Image of nearly tranlucent worker termites.Workers. Worker termites are the most numerous in any colony. They are the food providers, nursery tenders, and keepers of the colony.They measure about one eighth of an inch long (the size of a match head), are creamy white, have soft unarmored bodies, and are blind. They work 24 hours a day taking care of the nest, grooming each other, creating new colony passages, repairing nest damage, feed the colony members, care for the queen and kings, and attend to termite young called nymphs. Workers digest the cellulose from the wood taken from your home, digesting it and then excreting or regurgitation the material as food.


Swarmers. Produced when a colony grows too large for its food resources, these special winged reproductives called alates are produced in large quantities. These long-winged secondary reproductive termites will leave the colony and begin to swarm outside typically as early as March in New Jersey.

Alates have functional eyes (versus the workers and soldiers which are blind) and two pairs of long, oval gray wings. Measuring about 3/8 of an inch long, swarmers are brown in color and larger than worker termites. They are often confused with flying ants.


The Eastern Subterranean Termite Habitat is Deep in the Soil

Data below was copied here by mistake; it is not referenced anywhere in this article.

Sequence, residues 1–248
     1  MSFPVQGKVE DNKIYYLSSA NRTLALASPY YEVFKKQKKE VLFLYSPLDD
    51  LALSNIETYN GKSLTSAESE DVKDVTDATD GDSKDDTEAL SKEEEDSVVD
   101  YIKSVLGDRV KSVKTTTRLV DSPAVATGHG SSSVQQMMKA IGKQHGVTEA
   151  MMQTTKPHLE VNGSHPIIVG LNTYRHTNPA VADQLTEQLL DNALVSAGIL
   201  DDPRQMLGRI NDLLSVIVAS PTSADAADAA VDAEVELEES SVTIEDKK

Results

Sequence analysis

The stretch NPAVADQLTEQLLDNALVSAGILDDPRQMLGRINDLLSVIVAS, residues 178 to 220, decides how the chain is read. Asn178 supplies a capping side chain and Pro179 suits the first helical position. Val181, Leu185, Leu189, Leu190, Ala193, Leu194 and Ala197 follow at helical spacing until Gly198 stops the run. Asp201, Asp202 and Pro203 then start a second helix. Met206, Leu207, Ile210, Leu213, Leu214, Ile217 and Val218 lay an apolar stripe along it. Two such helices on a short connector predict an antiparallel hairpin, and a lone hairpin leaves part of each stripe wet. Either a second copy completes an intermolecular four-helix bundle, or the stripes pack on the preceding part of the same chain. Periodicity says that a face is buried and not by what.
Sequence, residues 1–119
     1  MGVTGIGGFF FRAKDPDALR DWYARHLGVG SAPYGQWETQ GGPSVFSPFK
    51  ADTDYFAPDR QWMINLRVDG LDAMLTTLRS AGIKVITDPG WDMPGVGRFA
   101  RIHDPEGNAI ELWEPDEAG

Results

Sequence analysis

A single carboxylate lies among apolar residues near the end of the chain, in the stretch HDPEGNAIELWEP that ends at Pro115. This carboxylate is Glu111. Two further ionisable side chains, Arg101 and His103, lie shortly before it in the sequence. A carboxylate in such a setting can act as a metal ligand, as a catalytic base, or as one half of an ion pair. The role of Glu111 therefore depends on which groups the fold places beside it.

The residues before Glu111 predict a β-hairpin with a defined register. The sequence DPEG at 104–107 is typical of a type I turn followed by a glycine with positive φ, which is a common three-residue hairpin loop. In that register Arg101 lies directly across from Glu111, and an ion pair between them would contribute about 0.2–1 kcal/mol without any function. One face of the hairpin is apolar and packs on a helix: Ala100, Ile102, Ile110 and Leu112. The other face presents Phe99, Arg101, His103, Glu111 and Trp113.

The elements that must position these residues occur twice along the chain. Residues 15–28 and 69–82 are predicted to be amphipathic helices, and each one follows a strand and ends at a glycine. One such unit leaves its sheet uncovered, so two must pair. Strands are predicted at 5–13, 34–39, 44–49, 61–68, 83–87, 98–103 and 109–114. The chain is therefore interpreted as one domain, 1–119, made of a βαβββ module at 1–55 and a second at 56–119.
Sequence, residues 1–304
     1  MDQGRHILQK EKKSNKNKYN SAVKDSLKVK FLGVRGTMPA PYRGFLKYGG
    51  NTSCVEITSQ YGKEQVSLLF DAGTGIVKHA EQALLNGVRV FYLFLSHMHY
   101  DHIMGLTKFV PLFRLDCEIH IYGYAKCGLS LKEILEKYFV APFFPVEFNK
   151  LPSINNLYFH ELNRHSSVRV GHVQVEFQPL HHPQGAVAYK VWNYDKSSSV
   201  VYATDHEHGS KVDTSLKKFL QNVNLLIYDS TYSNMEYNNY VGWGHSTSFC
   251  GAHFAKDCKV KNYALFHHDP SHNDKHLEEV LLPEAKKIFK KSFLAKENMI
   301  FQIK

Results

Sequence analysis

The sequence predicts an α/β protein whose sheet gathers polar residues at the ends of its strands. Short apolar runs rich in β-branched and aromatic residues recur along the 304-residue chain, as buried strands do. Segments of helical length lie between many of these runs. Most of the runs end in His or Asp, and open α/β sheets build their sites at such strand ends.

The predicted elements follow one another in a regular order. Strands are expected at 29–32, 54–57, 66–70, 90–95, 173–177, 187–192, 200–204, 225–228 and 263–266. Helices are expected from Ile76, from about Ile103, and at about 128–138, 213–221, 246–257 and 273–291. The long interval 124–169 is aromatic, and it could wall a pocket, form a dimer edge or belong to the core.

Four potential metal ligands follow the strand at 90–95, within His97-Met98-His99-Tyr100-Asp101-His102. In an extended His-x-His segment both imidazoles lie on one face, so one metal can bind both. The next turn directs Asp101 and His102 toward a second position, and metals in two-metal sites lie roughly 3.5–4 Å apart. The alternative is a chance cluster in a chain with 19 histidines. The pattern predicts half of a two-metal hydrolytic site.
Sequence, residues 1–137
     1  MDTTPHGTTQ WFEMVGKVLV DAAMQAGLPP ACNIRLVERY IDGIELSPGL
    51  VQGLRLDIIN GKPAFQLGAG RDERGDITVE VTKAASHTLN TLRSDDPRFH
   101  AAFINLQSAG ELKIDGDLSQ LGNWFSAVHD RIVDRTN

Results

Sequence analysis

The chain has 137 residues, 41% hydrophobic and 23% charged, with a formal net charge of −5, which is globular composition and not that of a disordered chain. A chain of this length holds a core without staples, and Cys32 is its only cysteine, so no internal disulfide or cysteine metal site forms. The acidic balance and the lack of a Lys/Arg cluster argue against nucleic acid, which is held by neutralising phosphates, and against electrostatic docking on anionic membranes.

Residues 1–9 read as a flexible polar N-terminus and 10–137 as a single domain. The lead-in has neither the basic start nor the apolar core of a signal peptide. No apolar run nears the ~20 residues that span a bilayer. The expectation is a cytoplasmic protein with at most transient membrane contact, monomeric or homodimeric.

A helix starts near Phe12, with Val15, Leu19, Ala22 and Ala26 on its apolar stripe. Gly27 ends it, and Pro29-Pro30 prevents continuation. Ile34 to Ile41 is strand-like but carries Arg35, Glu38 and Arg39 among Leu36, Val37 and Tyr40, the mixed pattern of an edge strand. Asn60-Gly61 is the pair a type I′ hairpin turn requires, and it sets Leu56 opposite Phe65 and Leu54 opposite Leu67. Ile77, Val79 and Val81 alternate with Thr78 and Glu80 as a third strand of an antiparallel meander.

Eastern Subterranean Termites build their nests deep in the ground between the frost line and water table. Unlike carpenter ants that live in wood, termites require constant moisture and must regularly leave the wood on which they feed to return to the moist ground where they nest to replenish lost fluids. As termites chew tunnels through wood, these wood-devouring insects pack the tunnels with moist soil to maintain the high humidity necessary to keep their unprotected bodies from drying out.

When forced to cross a dirt-free area such as a concrete wall during foraging, subterranean termites mix dirt with saliva to build "mud" transit tunnels across bare areas. Intact mud tunnels climbing up the outside walls of buildings, a common indication of Formosan termite activity in southern states, are rarely seen in New Jersey; but traces of mud may be evident on basement floors in active termite areas.

Attracted by moisture and damaged wood, subterranean termites can invade buildings through tiny cracks in damp foundation walls or via poorly-ventilated crawl spaces, anywhere direct contact occurs between dirt and a structure. Termites can also attack buildings from overhanging tree limbs to nest in attics. In addition to destroying structural timbers, framing and finishing wood, termites can cause irreparable damage to insulation, swimming pool liners and filtration systems. While they prefer to feed on structural timber like Douglas fir, termites will also eat paper, cotton and the roots of trees and bushes, killing the plants.


Protect Your NJ Home or Business from Termite Invasion

Effective elimination of a termite infestation in your home or business requires the expertise of a pest control professional with demonstrated experience in termite extermination. Allison Pest Control professionals have the expert knowledge, technical expertise and proven experience to locate and destroy termites successfully. Allison Pest Control's residential and commercial pest control plans can rid your home or business of structure-damaging termite infestations and keep termites from coming back.